WASHINGTON (Sept. 18, 2012) — President Barack Obama welcomed the Minnesota Lynx to the White House today in recognition of the team’s 2011 WNBA Championship. The President honored the team’s memorable 2011 season, as well as the efforts of the Lynx to support health and wellness programs through its WNBA FIT and Breast Health Awareness initiatives.
The Lynx had a historic 2011 season, setting a franchise record with 27 wins and outscoring opponents by an average of 7.9 points per game, matching the fifth largest single-season point differential in WNBA history. Minnesota went 7-1 in the postseason, including sweeping the Atlanta Dream in the WNBA Finals to win the team’s first championship in franchise history. Lynx guard and Olympian Seimone Augustus was named the 2012 WNBA Finals MVP for her play against Atlanta in the Finals, averaging 24.7 points per game in the series, including scoring a single-game franchise postseason high 36 points in Game 2.
Remarks by the President Honoring the WNBA Champion Minnesota Lynx:
Hello, everybody! Hello! Please everybody have a seat, have a seat. Welcome to the White House, and congratulations to the Minnesota Lynx on winning their first-ever WNBA championship. (Applause.)
These women have brought glory back to the Twin Cities. I know there are a lot fans at home who are happy to have a professional title back in Minnesota.
This team has come a long way to get here. Just two years ago, the Lynx had the worst record in the WNBA. (Laughter.) I’m just saying. (Laughter.) But they didn’t let it get them down –- they got to work. GM Roger Griffith is here, and he’ll tell you that it was hard work for him, too.
It helped that the team drafted UConn standout Maya Moore. She is becoming a regular here. I mean, this like the fourth time she’s shown up at the White House. (Laughter.) She just somehow likes to attract hardware. Picked up veterans like Rebekkah Brunson and Lindsay Whalen, and Cheryl Reeve took over as head coach and has done an extraordinary job.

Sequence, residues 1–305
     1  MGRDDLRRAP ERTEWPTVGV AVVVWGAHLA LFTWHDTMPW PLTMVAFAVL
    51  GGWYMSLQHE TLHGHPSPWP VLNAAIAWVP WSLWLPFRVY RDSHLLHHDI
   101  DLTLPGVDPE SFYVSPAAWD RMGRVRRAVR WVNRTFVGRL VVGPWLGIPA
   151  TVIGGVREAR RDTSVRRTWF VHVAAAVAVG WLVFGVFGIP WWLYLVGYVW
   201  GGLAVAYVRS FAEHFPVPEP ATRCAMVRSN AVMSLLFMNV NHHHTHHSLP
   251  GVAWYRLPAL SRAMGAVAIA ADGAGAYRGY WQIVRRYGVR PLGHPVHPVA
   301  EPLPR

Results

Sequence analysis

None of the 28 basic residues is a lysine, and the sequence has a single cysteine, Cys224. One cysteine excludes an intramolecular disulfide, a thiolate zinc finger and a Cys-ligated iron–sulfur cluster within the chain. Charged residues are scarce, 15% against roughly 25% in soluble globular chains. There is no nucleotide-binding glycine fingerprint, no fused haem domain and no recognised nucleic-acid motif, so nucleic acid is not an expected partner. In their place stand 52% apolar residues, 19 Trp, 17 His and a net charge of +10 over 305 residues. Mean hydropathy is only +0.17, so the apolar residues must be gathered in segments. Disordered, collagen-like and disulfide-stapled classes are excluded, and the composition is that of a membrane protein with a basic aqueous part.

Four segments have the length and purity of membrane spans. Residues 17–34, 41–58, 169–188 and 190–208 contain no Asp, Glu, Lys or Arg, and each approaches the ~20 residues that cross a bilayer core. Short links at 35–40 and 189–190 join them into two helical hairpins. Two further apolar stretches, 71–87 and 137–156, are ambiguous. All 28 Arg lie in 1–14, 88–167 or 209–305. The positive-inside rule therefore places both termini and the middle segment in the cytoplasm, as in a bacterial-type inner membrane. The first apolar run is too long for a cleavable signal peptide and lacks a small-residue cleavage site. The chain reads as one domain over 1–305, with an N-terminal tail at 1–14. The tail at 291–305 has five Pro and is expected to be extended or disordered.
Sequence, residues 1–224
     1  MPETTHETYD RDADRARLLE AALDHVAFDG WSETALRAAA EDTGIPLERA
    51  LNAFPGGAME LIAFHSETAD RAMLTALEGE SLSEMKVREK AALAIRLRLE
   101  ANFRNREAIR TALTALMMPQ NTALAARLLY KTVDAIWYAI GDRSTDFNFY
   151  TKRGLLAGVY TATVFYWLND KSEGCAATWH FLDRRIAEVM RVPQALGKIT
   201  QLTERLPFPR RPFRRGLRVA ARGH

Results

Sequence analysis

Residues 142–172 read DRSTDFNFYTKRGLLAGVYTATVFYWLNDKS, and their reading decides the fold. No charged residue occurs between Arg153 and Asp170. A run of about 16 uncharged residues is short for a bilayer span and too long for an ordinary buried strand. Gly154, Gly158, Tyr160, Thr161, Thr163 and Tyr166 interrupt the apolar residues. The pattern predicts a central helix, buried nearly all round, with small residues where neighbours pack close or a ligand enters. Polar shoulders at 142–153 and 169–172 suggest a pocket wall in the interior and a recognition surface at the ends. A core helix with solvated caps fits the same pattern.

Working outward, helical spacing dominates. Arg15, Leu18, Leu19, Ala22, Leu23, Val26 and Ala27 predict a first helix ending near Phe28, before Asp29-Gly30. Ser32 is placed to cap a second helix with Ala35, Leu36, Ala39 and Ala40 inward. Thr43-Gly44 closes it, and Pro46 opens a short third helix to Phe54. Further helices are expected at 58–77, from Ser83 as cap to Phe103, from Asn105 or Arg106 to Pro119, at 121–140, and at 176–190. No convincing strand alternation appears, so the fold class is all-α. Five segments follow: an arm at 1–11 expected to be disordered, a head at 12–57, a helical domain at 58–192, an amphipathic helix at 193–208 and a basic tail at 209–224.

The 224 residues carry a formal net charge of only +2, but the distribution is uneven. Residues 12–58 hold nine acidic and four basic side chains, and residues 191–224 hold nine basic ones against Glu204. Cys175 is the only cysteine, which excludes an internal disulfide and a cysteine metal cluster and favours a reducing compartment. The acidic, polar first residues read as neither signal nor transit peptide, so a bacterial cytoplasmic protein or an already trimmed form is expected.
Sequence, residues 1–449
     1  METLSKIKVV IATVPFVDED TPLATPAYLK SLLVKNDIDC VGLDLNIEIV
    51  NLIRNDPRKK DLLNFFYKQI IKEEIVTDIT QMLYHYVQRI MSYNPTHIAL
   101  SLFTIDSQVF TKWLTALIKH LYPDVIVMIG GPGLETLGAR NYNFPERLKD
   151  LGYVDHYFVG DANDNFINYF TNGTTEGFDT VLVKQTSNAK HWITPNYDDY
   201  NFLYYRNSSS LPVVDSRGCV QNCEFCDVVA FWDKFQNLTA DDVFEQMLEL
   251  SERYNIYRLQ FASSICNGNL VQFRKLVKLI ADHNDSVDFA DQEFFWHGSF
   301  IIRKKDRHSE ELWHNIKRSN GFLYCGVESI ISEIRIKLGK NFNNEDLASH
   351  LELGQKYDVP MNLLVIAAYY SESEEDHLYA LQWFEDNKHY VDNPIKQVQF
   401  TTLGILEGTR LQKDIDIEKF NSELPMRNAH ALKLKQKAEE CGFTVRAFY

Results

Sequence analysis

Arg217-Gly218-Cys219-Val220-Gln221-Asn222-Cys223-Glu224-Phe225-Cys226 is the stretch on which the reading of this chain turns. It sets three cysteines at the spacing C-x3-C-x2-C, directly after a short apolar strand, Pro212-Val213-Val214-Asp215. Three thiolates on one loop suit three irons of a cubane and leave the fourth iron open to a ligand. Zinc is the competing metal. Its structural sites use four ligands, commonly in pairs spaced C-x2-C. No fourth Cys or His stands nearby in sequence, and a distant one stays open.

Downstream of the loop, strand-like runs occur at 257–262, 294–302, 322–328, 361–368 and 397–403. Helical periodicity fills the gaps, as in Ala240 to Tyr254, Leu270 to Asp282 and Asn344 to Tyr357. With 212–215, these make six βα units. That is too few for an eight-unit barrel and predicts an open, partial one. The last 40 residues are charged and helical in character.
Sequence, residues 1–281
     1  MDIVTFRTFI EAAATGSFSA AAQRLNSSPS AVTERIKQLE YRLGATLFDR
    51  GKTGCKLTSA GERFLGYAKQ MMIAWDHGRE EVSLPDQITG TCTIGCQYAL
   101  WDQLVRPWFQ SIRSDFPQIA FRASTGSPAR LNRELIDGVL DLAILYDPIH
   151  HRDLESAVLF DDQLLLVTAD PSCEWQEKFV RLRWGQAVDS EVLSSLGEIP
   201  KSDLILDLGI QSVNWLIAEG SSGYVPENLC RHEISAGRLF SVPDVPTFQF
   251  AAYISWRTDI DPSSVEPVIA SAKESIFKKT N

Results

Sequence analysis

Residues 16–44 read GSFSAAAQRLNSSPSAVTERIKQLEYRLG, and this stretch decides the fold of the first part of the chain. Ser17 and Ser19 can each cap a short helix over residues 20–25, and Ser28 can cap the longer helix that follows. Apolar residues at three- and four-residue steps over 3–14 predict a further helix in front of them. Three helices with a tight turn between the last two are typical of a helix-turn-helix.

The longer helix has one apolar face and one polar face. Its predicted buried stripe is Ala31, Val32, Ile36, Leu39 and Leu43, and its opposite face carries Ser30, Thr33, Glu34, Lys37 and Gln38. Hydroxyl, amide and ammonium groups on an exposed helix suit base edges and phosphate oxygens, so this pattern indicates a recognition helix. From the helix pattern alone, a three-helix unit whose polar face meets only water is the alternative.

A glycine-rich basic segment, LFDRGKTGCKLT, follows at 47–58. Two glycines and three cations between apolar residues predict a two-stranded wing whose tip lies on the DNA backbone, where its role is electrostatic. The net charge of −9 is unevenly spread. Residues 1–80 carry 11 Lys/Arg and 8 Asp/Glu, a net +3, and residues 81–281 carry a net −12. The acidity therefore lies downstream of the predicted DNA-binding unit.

Apparently, that was the recipe to go from worst to first. By the end of the season, Maya was Rookie of the Year, Lindsay led the league in assists, Cheryl was Coach of the Year. The team had the best record in the league. They made their home games the hottest ticket in town. Then, just in case anyone doubted their dominance, they marched through the playoffs, losing only one game and sweeping their final two series. That is one heck of a turnaround.
In the championship series, the Lynx faced a very tough Atlanta Dream, but they were ready. I hear they brought in a bunch of men who played in college to imitate the Dream in practice so they could gain an extra edge. And those were some brave guys, because — (laughter) — I wouldn’t want to take any of these ladies on. I’ve had the pleasure of playing with Maya and she lit everybody up. (Laughter.) It is not fun when she’s raining down jumpers on you.
But, obviously, it worked. And in the finals, the Lynx came back from three consecutive first-half deficits and took home the championship trophy. They won it on the shooting of Seimone Augustus, who averaged nearly 25 points a game, and after leading the scoring charge in the final game, was named — not surprisingly — Finals MVP. And they won it on the heart and grit of Taj McWilliams-Franklin. Mama Taj played the final game on a sprained knee and still managed to secure the paint and pull down four rebounds.
So there’s no question that these are some outstanding basketball players. But they also find the time to raise money for breast cancer research, help local students with their reading. I hear they clean up pretty well for their Cat Walk for a Cure fashion show. (Laughter.)
So this team does it all and they do it in style. (Applause.) And I appreciate the Lynx taking time to stop by today, because they’re in the middle of their season right now. And they’ve picked up right where they left off –- on top of the Western Conference by a wide margin. Coach just told me that they’ve now secured home court advantage throughout the playoffs. With three games to go, best record in the league. They’re leading the league in points, rebounds, assists. So you get the idea — they’re pretty good. And I have a feeling that we might end up seeing them back here before too long.
And finally, I was saying to these folks as I was backstage, as the husband of a tall, good-looking woman — (laughter) — and as the father of two tall, fabulous girls, it is just wonderful to have these young ladies as role models. There’s something about women’s athletics — we know for a fact that when girls are involved in athletics, they do better across the board. They’re more confident. They do better in school. They have less social problems.
We know all the statistics, but what’s also true is that our women athletes just present themselves so well and are such great ambassadors for the game. And as I was pointing out, you don’t see them on Sports Center doing stupid stuff. (Laughter.) They play the game the right way. They compete fiercely, but they’re good — great sportswomen. And so they’re just wonderful examples for my daughters and my niece, and for so many parents I think we all feel really, really great about what the WNBA has accomplished, but what this team in particular has accomplished.
So I want to say thank you to all of you. Congratulations. I’m going to invite Coach to come up and just say a few words. (Applause.)
Story & photos courtesy of WNBA
President Obama remarks courtesy of the White House Press Office